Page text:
In response to demands from industry, the previous Government consulted, and it was agreed that the construction scheme would be put in place. Once it was put in place, people started to complain about it—what a surprise. They did not notice that that was going to happen, or they had not appreciated that it was going to happen. In the middle, the Inland Revenue struggles to ensure that it collects the proper amount of tax from the taxpayer.
My approach now, working with the industry and the trade unions, is to review. With representatives of all the organisations that participate in the construction industry, we have undertaken a fundamental reassessment of whether the current scheme, which has to be amended each year, is based on sound principles. One of the big issues that has come up has been whether we could move to electronic issue of the certificates. Industry and the Government are quite keen to achieve that. We are looking closely at how we are taking forward the scheme with the construction industry. I do not want to rush in and change the scheme, so I am taking the approach of stabilising it and making adjustments where it is sensible to do so. However, behind that, with the industry, trade bodies and the trade unions, I am considering the whole operation of the scheme very carefully.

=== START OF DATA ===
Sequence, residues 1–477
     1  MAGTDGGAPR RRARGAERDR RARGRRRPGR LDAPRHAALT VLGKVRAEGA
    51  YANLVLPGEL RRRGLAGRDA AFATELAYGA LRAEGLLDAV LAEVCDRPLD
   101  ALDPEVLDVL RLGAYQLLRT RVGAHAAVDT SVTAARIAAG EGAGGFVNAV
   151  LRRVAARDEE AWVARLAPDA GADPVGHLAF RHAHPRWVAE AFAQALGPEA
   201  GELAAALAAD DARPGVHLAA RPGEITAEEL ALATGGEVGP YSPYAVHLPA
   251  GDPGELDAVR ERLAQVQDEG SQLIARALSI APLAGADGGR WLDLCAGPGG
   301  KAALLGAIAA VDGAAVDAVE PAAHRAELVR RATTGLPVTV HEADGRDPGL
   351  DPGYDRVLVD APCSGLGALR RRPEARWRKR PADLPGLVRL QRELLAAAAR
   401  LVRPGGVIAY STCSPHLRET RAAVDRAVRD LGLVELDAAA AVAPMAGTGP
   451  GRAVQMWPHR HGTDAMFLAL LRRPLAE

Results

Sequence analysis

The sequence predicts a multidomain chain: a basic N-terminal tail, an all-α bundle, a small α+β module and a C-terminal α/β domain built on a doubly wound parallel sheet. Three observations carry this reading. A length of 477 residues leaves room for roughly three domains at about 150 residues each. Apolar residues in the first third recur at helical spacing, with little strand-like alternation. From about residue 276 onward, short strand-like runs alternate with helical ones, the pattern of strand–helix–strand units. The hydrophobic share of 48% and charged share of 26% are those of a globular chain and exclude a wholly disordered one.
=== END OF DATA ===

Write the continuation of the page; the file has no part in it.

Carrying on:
The issuing of a certificate does not mean that a person is self-employed; it simply reflects how they should pay tax and whether a deduction should be made. I am more than happy, as we move to more detailed consultation, to ensure that the hon. Member for Arundel and South Downs is kept informed of that and is able to participate in it. The problem with the construction industry is that ''one size fits all'' does not work. It is a complex industry and we need to fine tune. I hope that that is helpful to the hon. Gentleman in showing the Government's thinking on how we are going to stabilise the operational scheme and ensure that everyone is happy with it.